Saudi Arabia’s petrochemicals industry is about to get a massive boost, with a new $20bn plant in the works and extensive state spending on infrastructure set to further improve the nation’s logistics backbone. Before the full benefits are realised, however, the sector may have to endure a down period as the recovery of the global economy continues to falter.
On July 25, Saudi Aramco announced it had formed a joint venture with the Dow Chemical Company to build and operate what will be one of the world’s largest petrochemicals production facilities. The plant, to be located at the Jubail Industrial City some 100 km north-west of Dammam on the Gulf, will house 26 manufacturing units, with initial construction work set to begin before the end of August.
The venture, which will operate under the name Sadara Chemical, will make polyurethanes, propylene oxide, propylene glycol, elastomers and polyethylene, with projected sales being around $10bn a year, which could translate to annual profits of $1bn once the plant reaches full capacity in 2016.
Announcing the launch of Sadara, Khalid Al Falih, the president and chief executive officer of Saudi Aramco, said the joint venture would break new ground in the campaign to develop the country’s industrial capacity.
“Many of Sadara’s products will be produced for the very first time in Saudi Arabia,” he said. “This enterprise will play a key role in the Kingdom’s industrial and economic diversification while contributing to the creation of thousands of high-quality jobs. It will enable significant development in the country's conversion industry, thereby supporting Saudi Arabia's ambition to be a magnet for downstream manufacturing investments that add significant value to the Kingdom’s hydrocarbon resources.”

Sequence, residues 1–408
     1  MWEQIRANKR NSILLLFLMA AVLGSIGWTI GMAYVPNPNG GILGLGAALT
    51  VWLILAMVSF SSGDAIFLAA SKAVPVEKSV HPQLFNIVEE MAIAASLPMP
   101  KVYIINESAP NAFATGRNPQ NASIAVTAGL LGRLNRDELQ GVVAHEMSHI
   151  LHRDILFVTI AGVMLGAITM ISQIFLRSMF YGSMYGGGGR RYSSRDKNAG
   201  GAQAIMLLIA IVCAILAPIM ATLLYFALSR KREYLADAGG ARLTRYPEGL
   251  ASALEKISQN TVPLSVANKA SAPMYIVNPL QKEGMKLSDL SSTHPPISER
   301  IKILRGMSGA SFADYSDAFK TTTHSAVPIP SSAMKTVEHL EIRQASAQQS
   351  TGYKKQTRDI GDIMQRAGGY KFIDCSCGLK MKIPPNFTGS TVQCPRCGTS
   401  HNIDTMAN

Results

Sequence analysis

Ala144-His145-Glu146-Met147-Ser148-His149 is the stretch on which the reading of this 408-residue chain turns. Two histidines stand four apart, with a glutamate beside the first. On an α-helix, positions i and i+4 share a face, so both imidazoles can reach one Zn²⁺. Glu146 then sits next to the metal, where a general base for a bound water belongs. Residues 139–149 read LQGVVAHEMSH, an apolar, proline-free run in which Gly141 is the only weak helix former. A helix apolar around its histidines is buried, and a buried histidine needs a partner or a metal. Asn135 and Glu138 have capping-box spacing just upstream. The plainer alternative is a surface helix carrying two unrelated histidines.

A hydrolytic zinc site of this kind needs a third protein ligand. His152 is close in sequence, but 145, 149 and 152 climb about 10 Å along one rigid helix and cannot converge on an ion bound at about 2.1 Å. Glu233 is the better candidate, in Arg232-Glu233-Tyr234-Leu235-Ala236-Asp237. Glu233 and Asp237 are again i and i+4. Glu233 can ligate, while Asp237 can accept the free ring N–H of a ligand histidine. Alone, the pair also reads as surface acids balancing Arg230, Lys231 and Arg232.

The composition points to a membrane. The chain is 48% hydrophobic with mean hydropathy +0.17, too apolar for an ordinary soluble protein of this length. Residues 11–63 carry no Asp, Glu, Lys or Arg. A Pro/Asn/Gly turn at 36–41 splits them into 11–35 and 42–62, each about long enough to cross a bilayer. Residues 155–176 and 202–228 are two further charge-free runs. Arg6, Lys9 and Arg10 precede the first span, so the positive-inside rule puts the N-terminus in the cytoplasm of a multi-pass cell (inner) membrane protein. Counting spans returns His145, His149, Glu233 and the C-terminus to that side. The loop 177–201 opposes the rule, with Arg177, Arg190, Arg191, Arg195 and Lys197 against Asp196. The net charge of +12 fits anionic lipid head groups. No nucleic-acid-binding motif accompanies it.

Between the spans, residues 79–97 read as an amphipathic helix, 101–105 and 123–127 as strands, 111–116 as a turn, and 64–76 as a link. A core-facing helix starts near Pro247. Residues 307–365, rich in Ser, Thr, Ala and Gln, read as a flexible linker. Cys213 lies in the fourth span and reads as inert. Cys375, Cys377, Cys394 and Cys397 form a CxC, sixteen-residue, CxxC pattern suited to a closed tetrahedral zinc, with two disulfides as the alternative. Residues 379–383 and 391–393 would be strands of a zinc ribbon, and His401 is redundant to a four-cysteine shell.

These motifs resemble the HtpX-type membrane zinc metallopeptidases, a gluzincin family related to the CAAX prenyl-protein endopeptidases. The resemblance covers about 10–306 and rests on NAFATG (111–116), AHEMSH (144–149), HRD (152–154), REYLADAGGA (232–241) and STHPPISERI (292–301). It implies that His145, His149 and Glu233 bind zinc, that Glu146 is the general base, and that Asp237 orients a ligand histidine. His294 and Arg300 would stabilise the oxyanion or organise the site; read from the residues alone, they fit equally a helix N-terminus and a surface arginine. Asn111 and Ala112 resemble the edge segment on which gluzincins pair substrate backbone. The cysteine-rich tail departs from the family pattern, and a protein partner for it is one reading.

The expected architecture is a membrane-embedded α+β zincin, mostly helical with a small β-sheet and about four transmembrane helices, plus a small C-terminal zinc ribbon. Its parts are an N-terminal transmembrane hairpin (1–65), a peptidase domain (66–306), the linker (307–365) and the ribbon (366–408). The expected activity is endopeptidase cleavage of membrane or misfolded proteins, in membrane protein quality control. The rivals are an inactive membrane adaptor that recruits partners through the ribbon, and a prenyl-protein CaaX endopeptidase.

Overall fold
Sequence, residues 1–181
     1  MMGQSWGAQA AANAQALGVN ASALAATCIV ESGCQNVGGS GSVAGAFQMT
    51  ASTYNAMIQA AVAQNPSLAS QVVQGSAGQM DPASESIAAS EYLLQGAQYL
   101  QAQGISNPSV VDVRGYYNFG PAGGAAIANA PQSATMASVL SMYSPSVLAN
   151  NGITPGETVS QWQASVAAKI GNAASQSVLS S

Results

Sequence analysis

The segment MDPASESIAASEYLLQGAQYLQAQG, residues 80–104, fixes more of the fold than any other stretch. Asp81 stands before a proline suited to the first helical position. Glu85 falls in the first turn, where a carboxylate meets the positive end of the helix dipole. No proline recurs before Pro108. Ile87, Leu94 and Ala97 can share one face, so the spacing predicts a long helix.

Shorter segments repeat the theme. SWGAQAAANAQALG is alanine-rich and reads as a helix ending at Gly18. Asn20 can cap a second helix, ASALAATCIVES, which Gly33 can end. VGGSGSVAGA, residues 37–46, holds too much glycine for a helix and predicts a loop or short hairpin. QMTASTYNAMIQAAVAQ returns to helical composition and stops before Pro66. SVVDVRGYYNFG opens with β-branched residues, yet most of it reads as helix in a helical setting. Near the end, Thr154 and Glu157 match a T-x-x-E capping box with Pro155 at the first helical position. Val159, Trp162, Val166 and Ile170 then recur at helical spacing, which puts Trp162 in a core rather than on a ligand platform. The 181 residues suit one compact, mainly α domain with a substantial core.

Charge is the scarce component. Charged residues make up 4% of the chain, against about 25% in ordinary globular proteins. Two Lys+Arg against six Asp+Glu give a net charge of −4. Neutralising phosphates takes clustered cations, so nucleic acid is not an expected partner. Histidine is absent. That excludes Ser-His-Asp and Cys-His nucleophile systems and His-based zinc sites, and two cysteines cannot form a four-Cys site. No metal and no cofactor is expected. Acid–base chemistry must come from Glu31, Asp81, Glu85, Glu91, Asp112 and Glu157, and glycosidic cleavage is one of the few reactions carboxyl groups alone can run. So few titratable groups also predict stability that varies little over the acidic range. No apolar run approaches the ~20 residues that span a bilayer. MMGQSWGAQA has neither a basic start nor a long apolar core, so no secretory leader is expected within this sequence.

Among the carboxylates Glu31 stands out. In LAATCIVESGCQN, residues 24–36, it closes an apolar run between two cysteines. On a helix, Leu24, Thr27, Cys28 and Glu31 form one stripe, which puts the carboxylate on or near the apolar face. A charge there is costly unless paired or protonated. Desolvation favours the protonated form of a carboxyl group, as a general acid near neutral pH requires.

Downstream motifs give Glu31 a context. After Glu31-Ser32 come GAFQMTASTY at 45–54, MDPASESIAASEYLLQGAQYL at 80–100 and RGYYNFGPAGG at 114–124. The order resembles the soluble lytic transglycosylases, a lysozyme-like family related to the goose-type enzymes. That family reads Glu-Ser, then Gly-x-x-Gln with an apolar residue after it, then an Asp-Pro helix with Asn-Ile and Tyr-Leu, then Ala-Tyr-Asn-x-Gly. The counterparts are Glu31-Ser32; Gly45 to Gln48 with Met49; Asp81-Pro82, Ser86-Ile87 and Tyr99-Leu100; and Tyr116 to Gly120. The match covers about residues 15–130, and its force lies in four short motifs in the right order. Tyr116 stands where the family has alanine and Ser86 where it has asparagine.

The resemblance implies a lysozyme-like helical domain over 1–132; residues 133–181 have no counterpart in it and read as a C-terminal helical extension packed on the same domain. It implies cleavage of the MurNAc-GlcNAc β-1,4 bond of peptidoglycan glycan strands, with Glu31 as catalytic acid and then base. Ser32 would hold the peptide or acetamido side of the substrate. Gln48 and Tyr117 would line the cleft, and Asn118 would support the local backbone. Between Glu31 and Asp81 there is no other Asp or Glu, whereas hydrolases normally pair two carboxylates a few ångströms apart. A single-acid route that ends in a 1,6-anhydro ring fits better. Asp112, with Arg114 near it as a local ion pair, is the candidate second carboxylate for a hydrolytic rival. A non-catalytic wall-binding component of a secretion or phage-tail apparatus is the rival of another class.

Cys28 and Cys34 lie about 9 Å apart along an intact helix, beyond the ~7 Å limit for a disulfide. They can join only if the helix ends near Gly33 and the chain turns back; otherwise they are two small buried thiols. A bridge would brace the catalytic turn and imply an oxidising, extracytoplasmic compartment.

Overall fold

According to data from the joint venture, some 45% of sales will be to the Asia-Pacific region, 25% to the Middle East and 10% to Europe, a recognition that some of the more traditional markets, such as the cooling US and European economies, are either saturated or no longer as profitable, while those in Asia hold greater promise for the future.
Though the long-term future of the petrochemicals sector seems assured, both through investments such as the Sadara Chemical venture and with the country’s infrastructure network being strengthened as part of the state’s multi billion-dollar spending programme aimed at broadening the economy and supporting industries, shorter-term prospects look less bright.
Saudi petrochemicals producers were among those affected by Standard & Poor’s downgrading of the US credit rating in early August, with a number of leading downstream firms seeing their shares fall on the Taduwal All Shares Index as concerns rose over a further slowing of the economy in one of the Kingdom’s biggest export markets.
Another sign that the global economy may be cooling again came in August when data issued by the Saudi Ports Authority showed a decline in petrochemicals shipments for June, with exports down by 5.8% compared to May. However, year-on-year performance looked better: Saudi Arabia’s petrochemicals industry shipped 2.44m tonnes of products in the sixth month of this year, up slightly from the 2.29m tonnes in June 2010.
However, despite the fall in June, Saudi’s overall petrochemicals export performance for the first six months of 2011 was far better than for the same term last year, with shipments of just under 15m tonnes versus 14m.
While a slowing of the global economy will have a trickle-down effect into Saudi Arabia’s petrochemicals industry, this impact will be mitigated to some extent by the policy that has been pursued for many years of expanding the market for its products beyond Europe and the US and into Asia, where prospects look brighter.
With its new industrial capacity set to come on-line in four to five years, plenty of time for currently slowing markets to normalise, Saudi Arabia will be well placed to maximise returns when these markets are ready to import again and to meet the rising demand from the East.